It’s always seemed to me that the first day ever in a new country or city is a unique opportunity when
impressions are as fresh and childishly innocent as they’ll never be again. And today was my first day in Vietnam and Hanoi, and I thought I’d chuck a few of these experiences onto
Admittedly, my preconceptions of Vietnamese cities were mostly cliches from movies about that war half a century ago. Saigon, aka Chi Minh City – flashing motorbikes, pole-caressing bargirls, and the odd explosion. In the other ideological corner, Hanoi - grey, bombed by the yanks, their “air pirates” put up at the Hilton. And somewhere in this dystopia Jane Fonda is prancing about playing the radical peacnik.
I cannot report sightings of any faded Hollywood divas, and more importantly, Hanoi is actually a joy. The capital of the “Socialist Republic of Vietnam” is colourfully capitalist with 1001 stores and restaurants, seemingly happy and fun-loving people, and just about the fastest, kindest service I’ve experienced anywhere.
OK, Vietnam is still a one-party dictatorship and dissidents are reported to do it tough. But we’re dealing here with my touristic impressions, so I won’t go down that serious path. I did go to see the father of the nation in his mausoleum though. As you’d expect, a wax doll, his face with the famous wispy beard lit up with a pinkish glow , a saint-like aura. I noticed a rapid transformation in the local patrons, from a carefree Sunday mood in the long queue through a giant memorial garden, to touched reverence as they entered the chillingly air-conned marble chamber, returning to smiles outside in the Vice cream and souvenirs zone (where I took the picture of Ho you see here – no snapping of the original allowed.) May my Catholic friends forgive me, but the atmosphere reminded me of some Catholic holy sites I’ve been to. Christian or communist, the lure of eternal life draws them in.
I’m staying in Hanoi’s Old Quarter, which architecturally is somewhere between China and Paris (see the pic with buildings), the size of ten Old Rigas if not more, draped in soot and smog, and one of the liveliest places I’ve ever been. As in other Asian cities, here life happens on the street. By there, merchants set up stalls on the kerb selling fruit, fresh meat, fish, spices, pots to prepare it all in, as well as knock-off “brand” shoes and shirts. Come evening, little chairs and tables appear out of nowhere and a gastronomic kaleidoscope is unleashed. Vietnamese street food has become a feature of dining in Western cities, but that pales in comparison to the diversity here. Beef pho, banh mi, countless ways to whip up seafood and poultry. To whet your appetite, I’ve put in a photo from the grill. Maybe not so enticing is one of a dish I dodged this time – a soup with noodles and every part of a duck, including its brain.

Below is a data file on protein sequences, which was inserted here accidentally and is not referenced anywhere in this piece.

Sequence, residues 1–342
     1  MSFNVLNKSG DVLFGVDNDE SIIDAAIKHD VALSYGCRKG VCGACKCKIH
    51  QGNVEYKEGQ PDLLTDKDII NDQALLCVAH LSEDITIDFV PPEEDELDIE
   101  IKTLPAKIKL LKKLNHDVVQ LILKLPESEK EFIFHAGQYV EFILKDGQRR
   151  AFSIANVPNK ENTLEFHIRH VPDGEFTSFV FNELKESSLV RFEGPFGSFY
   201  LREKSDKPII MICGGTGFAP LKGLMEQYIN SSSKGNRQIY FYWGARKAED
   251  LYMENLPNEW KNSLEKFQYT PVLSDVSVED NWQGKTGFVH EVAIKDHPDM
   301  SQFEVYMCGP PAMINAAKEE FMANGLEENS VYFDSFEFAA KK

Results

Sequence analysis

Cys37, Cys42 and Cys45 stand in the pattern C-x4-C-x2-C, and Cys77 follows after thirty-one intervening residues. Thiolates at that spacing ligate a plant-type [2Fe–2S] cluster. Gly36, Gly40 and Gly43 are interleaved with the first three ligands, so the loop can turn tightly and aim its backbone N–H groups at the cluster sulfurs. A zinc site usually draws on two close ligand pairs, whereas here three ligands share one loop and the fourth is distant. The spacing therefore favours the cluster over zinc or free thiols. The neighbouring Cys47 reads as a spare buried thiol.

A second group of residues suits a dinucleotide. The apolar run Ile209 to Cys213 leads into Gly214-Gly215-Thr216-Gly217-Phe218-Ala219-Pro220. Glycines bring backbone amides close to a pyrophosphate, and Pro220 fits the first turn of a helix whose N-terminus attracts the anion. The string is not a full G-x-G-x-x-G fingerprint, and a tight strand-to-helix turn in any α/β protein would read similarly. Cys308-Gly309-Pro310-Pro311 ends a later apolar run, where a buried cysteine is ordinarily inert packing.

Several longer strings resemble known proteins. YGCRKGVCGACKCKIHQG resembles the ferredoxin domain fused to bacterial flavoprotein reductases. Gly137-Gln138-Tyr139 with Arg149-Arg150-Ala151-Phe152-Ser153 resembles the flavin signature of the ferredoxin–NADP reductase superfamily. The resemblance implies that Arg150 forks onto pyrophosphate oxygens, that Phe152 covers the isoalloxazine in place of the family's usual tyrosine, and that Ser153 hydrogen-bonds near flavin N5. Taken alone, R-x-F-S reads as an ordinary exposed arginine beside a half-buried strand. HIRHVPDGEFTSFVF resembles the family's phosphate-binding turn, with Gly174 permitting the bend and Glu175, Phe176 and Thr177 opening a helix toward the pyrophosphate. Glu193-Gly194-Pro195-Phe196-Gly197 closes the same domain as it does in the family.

Regarding noise, the din of motorcycle horns and engines overpowers everything else. There are thousands of them, burdened with all sorts of cargo (there’s a pic of a bicycle in that state I managed to snap), charging toward pedestrians and more solid objects before somehow veering away at the last second. During the day, I had some encounters with four-wheeled taxis who wanted to fleece me for 100 times what was on the meter, so for my transport needs (I can’t find my way back to the hotel in this labyrinth), I negotiated a reasonable price on the back seat of a motorbike. The feelings started with concern about my insurance, to growing faith in the driver (if he’s lived this long...), then exhilaration.
The apparent chaos has its unwritten rules, and in conclusion I’d like to describe another scene which maybe points to the underlying order of things here. So I’m sitting in a pavement cafe with a beer, when suddenly the owners of all the surrounding bars start picking up seating which is scattered all the way onto the middle of the road. Is there a storm coming? No, a cop car drives by, and once it’s gone the furniture is put back where it was with the same dazzling choreography.